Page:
Pull off the per­fect pull-up

Women's Health (UK) - - CONTENTS -

Press-ups? You’ve got them nailed. Sit-ups? Bossed. But pull-ups? Yeah, not so much. It’s just so dis­heart­en­ing when you see men, with their an­noy­ing nat­u­ral up­per-body strength, vir­tu­ally pinky-lift­ing them­selves at the bars next to you, right? But guess what: the key to a good pull-up isn’t just strength, it’s also tech­nique – so there goes that ex­cuse. Soz. And, ac­cord­ing to Do­minique Mann, an aer­o­bics gym­nas­tic cham­pion, per­fect­ing your tech­nique is well worth the ef­fort. ‘Pull-ups tone your up­per body and strengthen your core, which is im­por­tant for your pos­ture and cre­at­ing a flat tummy,’ she says. Get­ting it right will tar­get other mus­cles, too. ‘You’re us­ing your fore­arms, bi­ceps, tri­ceps, lats, front of shoul­ders and core,’ says Dar­ren Avondo, a strength and fit­ness coach. Can’t even lift your­self an inch? It’s worth per­sist­ing, say the ex­perts. But be­ware: strain­ing too hard could spell trou­ble for your mus­cles. To min­imise in­jury, take it slowly, get your form right and use a spot­ter. To start, scale your move­ments by us­ing a power band for as­sis­tance. Loop it over the bar, thread it through the loop, stretch it down and step into it. Start with a wider band for more re­sis­tance and go nar­rower as you get stronger.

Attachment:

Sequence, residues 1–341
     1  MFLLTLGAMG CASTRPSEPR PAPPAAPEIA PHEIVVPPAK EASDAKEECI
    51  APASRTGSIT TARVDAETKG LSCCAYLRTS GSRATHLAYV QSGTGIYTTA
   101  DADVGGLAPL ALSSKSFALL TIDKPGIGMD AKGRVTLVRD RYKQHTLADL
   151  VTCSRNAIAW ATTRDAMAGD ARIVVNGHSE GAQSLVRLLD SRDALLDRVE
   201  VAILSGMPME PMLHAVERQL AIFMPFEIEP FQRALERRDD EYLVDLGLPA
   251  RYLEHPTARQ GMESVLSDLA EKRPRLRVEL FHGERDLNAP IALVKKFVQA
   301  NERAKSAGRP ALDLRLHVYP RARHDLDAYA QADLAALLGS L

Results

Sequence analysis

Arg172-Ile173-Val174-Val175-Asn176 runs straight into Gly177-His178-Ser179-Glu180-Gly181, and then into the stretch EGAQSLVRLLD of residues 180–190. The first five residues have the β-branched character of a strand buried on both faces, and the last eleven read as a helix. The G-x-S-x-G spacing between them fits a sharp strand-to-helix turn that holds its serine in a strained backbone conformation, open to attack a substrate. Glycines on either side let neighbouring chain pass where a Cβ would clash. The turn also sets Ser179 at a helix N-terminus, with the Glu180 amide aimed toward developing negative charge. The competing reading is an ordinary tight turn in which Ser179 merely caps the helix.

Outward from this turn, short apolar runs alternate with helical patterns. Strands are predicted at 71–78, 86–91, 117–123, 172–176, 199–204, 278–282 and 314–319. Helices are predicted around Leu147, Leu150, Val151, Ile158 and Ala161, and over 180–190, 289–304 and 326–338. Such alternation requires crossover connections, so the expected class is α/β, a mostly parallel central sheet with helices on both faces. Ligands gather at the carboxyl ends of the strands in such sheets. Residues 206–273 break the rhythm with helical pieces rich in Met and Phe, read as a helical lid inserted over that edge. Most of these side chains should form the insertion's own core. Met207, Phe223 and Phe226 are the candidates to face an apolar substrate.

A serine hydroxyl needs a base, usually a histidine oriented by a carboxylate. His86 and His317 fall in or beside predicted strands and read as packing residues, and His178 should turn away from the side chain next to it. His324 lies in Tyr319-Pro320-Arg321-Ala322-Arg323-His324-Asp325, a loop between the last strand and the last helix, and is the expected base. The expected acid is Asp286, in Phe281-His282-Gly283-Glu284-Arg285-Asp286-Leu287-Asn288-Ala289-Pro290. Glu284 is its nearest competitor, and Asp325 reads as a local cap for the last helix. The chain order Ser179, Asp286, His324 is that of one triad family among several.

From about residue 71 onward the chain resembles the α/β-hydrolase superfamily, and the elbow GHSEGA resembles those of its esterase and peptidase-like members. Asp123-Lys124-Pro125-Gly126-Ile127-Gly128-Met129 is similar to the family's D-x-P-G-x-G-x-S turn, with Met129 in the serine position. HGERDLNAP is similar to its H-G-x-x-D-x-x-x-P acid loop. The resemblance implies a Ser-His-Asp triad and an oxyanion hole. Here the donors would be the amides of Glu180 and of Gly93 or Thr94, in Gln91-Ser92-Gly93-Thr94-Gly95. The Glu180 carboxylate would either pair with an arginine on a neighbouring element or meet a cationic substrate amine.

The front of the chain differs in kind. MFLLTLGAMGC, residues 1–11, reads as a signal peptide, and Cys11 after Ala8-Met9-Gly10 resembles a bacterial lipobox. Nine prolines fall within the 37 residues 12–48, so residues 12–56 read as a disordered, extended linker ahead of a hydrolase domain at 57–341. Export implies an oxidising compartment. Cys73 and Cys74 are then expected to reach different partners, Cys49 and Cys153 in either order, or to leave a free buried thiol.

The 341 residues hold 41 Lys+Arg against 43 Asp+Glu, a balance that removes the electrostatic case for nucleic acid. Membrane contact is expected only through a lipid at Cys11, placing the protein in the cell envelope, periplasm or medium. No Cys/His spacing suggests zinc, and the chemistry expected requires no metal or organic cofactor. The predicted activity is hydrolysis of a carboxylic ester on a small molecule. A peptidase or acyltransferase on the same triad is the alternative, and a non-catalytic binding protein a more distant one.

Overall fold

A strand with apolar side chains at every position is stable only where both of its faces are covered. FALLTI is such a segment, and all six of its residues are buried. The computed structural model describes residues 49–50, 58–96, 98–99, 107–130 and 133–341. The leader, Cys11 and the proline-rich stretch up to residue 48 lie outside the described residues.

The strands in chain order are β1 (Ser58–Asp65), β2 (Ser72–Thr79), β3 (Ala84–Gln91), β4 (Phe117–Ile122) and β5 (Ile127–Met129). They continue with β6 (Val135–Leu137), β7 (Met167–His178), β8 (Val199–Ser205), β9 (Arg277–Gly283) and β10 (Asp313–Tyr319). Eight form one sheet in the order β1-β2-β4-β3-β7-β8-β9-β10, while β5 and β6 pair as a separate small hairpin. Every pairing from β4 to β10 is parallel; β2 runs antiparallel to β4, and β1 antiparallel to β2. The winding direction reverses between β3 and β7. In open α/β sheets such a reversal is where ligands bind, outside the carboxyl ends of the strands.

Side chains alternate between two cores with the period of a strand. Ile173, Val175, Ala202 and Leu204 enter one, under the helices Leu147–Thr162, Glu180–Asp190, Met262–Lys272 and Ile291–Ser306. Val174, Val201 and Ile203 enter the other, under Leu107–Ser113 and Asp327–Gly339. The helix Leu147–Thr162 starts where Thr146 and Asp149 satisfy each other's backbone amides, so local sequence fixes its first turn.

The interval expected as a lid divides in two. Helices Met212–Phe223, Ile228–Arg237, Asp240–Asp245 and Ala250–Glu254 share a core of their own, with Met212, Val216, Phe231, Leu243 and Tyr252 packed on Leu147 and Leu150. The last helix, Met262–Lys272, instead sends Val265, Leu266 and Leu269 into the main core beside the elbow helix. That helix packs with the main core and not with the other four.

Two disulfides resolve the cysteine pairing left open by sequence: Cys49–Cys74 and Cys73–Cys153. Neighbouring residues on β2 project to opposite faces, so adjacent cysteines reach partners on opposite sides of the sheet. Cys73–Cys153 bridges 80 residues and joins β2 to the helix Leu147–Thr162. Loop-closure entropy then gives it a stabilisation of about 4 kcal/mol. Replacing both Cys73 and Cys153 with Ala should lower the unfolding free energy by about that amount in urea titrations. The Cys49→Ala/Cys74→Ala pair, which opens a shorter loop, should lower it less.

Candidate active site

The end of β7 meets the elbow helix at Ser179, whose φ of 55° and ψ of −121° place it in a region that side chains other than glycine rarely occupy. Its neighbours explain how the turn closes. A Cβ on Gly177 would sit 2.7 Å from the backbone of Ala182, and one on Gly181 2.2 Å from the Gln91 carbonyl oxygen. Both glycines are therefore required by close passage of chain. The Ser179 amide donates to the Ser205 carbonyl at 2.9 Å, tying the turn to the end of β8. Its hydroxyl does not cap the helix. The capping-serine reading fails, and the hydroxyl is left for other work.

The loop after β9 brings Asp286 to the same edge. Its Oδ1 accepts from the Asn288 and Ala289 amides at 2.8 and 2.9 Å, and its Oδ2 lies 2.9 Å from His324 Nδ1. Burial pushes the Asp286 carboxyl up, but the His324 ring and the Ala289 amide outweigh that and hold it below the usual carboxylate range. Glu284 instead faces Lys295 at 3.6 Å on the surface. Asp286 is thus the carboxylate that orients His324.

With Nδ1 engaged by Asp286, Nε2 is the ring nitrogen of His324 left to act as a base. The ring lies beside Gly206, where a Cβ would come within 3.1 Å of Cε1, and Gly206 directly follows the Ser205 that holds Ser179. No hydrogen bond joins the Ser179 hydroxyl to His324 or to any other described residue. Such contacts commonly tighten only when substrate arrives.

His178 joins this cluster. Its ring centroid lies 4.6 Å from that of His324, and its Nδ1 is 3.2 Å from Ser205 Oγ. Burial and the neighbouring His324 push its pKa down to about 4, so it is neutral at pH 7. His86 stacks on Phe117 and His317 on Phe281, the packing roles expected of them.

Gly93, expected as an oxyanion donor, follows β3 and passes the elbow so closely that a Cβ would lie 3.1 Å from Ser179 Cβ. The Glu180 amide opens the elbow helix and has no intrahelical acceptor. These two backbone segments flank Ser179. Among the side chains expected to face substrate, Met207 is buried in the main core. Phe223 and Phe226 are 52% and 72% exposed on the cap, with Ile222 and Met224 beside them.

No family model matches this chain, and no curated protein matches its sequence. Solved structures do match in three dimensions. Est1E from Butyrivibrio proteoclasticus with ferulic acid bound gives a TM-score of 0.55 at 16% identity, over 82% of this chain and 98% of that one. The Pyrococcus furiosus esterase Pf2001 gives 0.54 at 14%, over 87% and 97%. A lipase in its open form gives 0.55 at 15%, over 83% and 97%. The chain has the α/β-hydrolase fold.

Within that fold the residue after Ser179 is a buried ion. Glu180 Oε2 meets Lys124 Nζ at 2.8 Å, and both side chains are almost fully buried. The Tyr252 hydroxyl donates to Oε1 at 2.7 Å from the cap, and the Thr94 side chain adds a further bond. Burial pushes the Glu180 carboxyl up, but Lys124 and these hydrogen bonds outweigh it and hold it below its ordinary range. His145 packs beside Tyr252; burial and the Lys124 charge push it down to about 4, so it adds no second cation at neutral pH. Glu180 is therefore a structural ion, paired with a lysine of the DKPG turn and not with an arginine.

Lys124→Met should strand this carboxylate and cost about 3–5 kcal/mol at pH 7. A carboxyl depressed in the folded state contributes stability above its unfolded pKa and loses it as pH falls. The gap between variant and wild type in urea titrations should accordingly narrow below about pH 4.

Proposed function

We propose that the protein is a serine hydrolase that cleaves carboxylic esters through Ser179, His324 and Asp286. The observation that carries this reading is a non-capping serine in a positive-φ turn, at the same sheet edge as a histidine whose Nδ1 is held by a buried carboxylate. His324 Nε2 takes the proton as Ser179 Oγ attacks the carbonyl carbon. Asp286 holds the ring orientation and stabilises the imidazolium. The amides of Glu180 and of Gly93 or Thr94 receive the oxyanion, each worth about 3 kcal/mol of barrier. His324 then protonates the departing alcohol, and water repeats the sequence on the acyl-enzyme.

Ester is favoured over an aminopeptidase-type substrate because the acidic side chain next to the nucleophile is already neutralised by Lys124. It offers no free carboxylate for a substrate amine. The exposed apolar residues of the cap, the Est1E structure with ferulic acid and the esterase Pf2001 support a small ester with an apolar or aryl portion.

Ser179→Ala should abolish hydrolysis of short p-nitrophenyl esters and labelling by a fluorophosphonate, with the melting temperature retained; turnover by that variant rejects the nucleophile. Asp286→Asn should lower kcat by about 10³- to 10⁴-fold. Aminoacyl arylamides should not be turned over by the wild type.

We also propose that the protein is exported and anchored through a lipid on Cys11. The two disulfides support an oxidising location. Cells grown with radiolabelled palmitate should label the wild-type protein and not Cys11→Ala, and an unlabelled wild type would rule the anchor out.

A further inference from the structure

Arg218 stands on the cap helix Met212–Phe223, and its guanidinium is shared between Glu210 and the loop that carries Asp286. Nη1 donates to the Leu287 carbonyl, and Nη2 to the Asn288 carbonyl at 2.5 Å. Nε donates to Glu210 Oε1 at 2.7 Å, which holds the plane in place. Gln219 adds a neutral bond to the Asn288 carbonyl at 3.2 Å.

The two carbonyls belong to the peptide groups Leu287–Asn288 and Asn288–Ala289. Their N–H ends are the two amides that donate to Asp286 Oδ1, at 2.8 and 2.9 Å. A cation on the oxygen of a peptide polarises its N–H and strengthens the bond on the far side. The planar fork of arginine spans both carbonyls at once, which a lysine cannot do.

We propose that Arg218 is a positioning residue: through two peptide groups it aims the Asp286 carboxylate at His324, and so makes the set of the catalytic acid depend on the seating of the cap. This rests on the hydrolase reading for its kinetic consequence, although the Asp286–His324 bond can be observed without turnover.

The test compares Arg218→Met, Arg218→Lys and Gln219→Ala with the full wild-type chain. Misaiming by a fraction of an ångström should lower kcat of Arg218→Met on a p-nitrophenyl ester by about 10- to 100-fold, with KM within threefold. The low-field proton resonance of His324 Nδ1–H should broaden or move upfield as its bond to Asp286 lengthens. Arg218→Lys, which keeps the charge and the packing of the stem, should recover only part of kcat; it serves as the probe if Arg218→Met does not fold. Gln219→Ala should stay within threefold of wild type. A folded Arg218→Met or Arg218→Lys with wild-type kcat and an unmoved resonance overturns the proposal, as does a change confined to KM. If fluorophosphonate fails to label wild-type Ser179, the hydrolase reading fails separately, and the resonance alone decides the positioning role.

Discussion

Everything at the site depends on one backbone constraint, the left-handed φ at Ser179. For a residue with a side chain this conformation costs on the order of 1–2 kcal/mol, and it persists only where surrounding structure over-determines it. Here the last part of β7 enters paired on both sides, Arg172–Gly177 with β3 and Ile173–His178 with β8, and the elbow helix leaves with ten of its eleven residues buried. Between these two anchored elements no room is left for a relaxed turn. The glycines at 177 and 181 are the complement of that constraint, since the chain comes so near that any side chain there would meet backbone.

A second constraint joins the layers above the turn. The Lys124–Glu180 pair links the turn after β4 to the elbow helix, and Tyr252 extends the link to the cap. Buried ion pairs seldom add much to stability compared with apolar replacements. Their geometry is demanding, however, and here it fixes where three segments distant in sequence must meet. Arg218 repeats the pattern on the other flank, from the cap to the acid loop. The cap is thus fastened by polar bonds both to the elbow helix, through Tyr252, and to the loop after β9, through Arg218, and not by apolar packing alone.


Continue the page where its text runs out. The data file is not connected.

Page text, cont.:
You have lower-back or shoul­der pain.

Grip the bar, hands shoul­der-width apart, with your palms fac­ing back and your gaze level and for­ward En­gage your core and glutes With your back straight, pull your­self up un­til your shoul­ders are level with your hands and the bar Keep your legs to­gether and straight, or bend them 90° for ad­di­tional back sup­port Lower to your start­ing po­si­tion in a slow and con­trolled move­ment, then re­peat

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